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Legalized Marijuana and Employment FAQs

Legalized Marijuana and Employment FAQs

Employers should become familiar with all applicable laws before implementing or enforcing any drug testing or other workplace policies regarding employee marijuana use. After all, marijuana legalization is an active and rapidly evolving compliance landscape. Because of this, employers should regularly monitor state legislation and government agency resources for any changes that may affect their businesses.

Here are some FAQs regarding legalized marijuana in the scope of employment.

Can employers prohibit marijuana use during rest and meal breaks?

Yes. Virtually all states with legalized marijuana laws allow employers to prohibit marijuana use during working hours, which usually include rest and meal breaks, even if employees leave the worksite during their breaks.

Can employers prohibit marijuana use while employees are on call?

Yes. The time employees are on call is usually considered working hours, during which employers may place restrictions on their employees, even if they are not actually performing any work.

Can employers prohibit employees from possessing marijuana at work?

Yes. Virtually all states with legalized marijuana laws allow employers to prohibit employees from bringing marijuana onto business property.

Can employers prohibit employees who work at home from using marijuana?

This may depend on how each state’s labor or other laws define a workplace. For example, the state of New York’s labor laws do not consider an employee’s home that is being used for remote work to meet the definition of a “worksite,” which means that employers generally cannot prohibit employees from using marijuana at home. However, employers can take adverse actions if their employees exhibit articulable symptoms of impairment during working hours.

Can employers discipline or terminate employees for the use of legalized marijuana products while on the job?

Yes. Virtually all states with legalized marijuana laws allow employers to prohibit and discipline employees for marijuana use at work or during working hours. Even in states where employer testing for marijuana is severely restricted, employers are not prohibited from taking adverse actions against employees who are under the influence of marijuana at work.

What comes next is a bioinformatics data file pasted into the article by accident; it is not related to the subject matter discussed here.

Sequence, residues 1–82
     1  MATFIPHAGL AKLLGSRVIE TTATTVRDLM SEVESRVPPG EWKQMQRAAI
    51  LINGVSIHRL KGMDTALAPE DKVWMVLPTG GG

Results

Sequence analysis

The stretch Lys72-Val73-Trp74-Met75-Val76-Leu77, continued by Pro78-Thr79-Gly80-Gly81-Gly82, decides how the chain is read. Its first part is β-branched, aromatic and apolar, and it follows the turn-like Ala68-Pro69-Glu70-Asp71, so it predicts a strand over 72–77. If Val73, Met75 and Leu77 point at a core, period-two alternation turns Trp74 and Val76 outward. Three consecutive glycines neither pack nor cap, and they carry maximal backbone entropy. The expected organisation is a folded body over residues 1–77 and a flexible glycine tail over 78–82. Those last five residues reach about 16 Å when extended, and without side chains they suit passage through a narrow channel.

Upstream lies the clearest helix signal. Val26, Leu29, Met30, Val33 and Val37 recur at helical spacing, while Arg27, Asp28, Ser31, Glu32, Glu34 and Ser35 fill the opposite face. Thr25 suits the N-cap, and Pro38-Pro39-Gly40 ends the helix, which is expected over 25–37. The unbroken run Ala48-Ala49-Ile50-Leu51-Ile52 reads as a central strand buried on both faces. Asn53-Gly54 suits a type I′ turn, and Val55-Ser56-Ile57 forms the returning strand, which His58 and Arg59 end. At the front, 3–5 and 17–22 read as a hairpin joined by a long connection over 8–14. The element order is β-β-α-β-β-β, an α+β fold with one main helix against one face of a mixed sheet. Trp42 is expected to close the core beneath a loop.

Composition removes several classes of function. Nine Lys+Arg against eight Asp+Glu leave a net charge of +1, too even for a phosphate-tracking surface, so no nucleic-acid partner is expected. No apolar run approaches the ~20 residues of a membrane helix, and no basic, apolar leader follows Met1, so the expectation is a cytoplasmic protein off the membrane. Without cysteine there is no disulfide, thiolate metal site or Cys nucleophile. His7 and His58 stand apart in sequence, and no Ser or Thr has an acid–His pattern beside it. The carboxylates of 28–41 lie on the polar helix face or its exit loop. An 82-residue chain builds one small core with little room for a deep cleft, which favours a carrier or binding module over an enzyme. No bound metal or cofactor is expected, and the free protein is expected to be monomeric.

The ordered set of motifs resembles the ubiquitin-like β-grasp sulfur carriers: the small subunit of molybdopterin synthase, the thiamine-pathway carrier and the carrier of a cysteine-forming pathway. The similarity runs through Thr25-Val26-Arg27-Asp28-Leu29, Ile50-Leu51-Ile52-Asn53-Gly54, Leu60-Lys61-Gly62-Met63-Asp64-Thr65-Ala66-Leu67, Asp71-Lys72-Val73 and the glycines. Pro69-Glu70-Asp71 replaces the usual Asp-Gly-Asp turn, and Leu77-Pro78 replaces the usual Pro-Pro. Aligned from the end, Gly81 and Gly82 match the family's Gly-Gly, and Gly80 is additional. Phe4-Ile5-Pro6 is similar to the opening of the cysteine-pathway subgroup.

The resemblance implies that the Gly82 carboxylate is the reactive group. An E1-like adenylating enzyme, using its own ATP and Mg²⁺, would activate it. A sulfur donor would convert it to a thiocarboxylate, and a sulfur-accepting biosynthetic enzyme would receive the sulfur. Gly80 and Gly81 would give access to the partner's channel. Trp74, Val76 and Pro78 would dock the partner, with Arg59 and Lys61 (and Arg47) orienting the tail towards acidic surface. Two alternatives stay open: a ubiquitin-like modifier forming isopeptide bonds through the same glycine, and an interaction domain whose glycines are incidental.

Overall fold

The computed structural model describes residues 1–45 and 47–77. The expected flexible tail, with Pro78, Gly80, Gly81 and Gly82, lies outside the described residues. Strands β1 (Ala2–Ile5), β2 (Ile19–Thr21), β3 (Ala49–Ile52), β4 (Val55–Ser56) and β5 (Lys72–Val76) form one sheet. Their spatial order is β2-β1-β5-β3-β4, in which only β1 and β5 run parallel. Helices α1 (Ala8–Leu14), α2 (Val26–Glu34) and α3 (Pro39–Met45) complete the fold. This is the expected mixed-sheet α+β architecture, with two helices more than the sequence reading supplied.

What kind of evidence is necessary to establish that employees were under the influence or impaired by marijuana at work or during working hours?

First, employers should always be cautious before assuming employees are impaired or under the influence of marijuana, as symptoms related to the use of this substance could also be an indication of certain disabilities protected by federal, state, or local laws. Thus, even if employees exhibit obvious symptoms of impairment, employers should not rush to judgment.

In general, employers should be able to point to specific, articulable symptoms of marijuana use that decrease or lessen employees’ performance of their tasks or duties, or otherwise interfere with employers’ obligations to provide a safe and healthy workplace, free from recognized hazards, as required by state and federal occupational safety and health laws.

Also, even if employees do not exhibit specific, articulable symptoms of impairment, employers may always discipline those who use marijuana during working hours or while on or using business property.

Can employers prohibit all marijuana use outside the workplace?

In some states with legalized marijuana laws, yes. However, in most states with legalized marijuana laws, no.

Can employers drug test employees for marijuana?

In general, yes, except in the states of New York, Nevada, and New Mexico. However, even if no legislation restricts marijuana testing, employers in states with legalized marijuana laws may want to consider excluding marijuana from workplace drug testing of employees in non-safety-sensitive positions.

Can employers drug test employees for marijuana if federal legislation allows for drug testing?

In many states, no. Most states with legalized marijuana and related laws have restrictions on workplace drug testing, and employers must follow these laws even if unrestricted testing is otherwise allowed or not prohibited under federal legislation. However, employers in all states may test for marijuana if it is required under federal or state laws or if these laws make it a mandatory requirement for any licensing or certification for the position at hand.

If you have any questions or need additional information on this issue, please let us know. We are here to guide you through the confusing maze of insurance options to find the right fit for you, your family, and your business.

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